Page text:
Texas ranks on the bottom regarding access to health care so it is time for all of us to look for solutions. Nurse practitioners are well educated and trained to take care of about 90% of what is seen in primary care and we have plenty of patients to go around. We need to remove the rules and regulations that prevent nurse practitioners from helping physicians take care of these patients that are in desparate need of healtcare. I know that physicians use the argument that patients safety is jeopardized when nurse practitioners take care of patients but there is no research to substantiate it. There is plenty of work here in Texas to be done so we don’t need to compete but we need to work together to take care of our citizens.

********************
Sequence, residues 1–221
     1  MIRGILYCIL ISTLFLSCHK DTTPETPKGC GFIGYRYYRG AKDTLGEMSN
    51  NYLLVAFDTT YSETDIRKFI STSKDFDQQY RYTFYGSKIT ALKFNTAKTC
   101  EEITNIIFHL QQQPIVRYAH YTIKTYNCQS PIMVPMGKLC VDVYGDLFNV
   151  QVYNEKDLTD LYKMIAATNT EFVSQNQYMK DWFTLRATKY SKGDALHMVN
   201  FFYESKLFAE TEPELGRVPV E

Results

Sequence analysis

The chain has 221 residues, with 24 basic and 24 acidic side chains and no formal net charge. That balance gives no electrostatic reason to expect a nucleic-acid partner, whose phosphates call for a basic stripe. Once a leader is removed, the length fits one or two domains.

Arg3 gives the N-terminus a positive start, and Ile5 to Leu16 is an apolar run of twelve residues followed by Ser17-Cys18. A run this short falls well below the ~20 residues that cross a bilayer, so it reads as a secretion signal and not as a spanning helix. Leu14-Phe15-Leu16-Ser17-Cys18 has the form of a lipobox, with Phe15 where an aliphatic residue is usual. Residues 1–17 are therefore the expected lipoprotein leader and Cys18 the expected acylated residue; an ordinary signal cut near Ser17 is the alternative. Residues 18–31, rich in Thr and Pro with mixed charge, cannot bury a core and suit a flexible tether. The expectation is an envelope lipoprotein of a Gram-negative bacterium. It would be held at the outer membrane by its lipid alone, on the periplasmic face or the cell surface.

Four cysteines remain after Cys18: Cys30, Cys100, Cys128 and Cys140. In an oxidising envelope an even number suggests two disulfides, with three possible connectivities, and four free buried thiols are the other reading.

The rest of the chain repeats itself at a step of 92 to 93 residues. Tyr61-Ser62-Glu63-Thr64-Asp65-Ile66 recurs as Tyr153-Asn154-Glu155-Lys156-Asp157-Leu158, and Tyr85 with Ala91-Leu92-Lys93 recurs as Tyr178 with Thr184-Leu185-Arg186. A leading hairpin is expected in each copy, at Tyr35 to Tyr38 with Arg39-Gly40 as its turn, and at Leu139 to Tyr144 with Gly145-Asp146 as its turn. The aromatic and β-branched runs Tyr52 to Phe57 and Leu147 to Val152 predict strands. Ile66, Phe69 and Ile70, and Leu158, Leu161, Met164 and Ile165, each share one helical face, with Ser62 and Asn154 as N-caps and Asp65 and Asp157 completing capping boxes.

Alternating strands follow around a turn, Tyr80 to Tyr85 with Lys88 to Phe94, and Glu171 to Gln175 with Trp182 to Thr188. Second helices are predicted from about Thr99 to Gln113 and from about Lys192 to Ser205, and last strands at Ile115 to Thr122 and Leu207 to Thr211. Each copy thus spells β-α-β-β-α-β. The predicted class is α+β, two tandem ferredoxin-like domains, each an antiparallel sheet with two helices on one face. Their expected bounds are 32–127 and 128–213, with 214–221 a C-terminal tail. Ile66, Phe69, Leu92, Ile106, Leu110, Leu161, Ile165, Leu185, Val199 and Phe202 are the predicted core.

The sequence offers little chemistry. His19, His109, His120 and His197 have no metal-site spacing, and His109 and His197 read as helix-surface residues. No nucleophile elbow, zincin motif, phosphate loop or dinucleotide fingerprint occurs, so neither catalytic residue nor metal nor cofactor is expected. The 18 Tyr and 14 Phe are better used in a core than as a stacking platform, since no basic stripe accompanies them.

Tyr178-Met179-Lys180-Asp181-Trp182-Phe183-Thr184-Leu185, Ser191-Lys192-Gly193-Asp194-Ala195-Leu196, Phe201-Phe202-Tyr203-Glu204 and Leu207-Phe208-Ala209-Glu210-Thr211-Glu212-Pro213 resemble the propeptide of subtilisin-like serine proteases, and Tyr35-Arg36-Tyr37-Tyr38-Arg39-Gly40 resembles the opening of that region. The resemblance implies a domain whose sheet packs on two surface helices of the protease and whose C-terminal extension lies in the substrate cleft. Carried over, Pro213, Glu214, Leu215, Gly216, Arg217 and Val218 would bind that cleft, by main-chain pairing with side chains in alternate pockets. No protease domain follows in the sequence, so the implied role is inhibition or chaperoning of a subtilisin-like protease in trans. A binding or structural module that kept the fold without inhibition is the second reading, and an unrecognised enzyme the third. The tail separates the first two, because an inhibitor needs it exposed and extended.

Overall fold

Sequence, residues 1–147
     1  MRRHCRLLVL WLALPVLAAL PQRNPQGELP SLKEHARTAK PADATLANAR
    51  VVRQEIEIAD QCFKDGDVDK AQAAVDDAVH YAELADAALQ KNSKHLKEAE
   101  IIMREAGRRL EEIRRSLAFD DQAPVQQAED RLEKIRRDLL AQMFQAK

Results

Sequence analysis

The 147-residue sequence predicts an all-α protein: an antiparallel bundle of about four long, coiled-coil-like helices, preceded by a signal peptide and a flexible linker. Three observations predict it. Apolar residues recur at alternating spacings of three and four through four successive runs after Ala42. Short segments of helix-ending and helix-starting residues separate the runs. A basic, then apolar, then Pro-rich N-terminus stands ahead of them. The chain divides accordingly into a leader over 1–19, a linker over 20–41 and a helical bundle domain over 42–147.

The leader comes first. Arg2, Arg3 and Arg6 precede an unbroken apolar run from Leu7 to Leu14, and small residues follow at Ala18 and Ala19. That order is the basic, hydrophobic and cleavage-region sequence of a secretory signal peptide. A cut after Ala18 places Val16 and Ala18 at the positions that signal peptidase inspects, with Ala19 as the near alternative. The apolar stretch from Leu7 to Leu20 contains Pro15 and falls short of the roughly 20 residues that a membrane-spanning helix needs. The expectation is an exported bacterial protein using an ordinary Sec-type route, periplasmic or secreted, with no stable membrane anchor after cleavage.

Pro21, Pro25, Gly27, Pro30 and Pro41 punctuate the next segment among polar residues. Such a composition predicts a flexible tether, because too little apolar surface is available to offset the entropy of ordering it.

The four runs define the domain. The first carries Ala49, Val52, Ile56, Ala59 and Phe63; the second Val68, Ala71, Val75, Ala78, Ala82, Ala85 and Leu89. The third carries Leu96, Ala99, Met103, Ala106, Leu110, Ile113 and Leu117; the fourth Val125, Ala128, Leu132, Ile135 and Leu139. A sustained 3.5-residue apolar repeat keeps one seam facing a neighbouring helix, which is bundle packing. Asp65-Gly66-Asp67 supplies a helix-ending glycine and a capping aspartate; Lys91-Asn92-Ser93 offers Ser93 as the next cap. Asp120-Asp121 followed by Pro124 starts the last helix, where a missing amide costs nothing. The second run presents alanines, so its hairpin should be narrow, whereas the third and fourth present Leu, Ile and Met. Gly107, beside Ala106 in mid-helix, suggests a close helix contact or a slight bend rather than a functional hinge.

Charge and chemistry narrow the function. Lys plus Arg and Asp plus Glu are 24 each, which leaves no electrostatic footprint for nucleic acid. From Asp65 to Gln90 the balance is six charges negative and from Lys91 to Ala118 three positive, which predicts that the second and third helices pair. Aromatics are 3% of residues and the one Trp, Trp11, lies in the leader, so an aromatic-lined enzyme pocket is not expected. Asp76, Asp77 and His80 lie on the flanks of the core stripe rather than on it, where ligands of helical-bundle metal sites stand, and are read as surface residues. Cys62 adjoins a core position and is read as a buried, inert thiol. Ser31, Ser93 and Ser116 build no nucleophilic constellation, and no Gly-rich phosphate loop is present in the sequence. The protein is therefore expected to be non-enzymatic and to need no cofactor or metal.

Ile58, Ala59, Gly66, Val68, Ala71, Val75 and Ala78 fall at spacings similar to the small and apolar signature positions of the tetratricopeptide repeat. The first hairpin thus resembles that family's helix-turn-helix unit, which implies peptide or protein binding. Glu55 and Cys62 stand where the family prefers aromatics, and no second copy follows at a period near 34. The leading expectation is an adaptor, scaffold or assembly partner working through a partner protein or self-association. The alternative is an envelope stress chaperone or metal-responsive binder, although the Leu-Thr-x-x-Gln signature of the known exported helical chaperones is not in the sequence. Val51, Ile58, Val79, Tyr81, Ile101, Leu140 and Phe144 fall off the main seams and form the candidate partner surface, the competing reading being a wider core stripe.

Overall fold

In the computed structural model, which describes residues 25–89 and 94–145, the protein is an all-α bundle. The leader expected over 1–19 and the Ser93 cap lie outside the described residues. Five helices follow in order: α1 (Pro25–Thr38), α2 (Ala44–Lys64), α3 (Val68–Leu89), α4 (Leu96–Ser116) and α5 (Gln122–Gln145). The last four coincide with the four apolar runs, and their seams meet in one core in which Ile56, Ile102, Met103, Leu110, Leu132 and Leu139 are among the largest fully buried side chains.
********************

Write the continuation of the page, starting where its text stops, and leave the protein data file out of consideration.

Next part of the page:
Sandy McCoy, RN, MSN, FNP-BC
    President Texas Nurse Practitioners

  • Denis:

    It amazes me that despite volumes of research and the recent IOM/ Robert Wood Johnson’s report, that opposition to independent NP practice continues. There are no studies that link direct physician supervision/ madatory collaboration with Nurse Practitioners to better patient outcomes/ satisfaction, and nearly every stitch of opposition has been an opinion of ‘what may happen.” Remove barriers to NP independent practice, and there will be greater access to high quality primary care…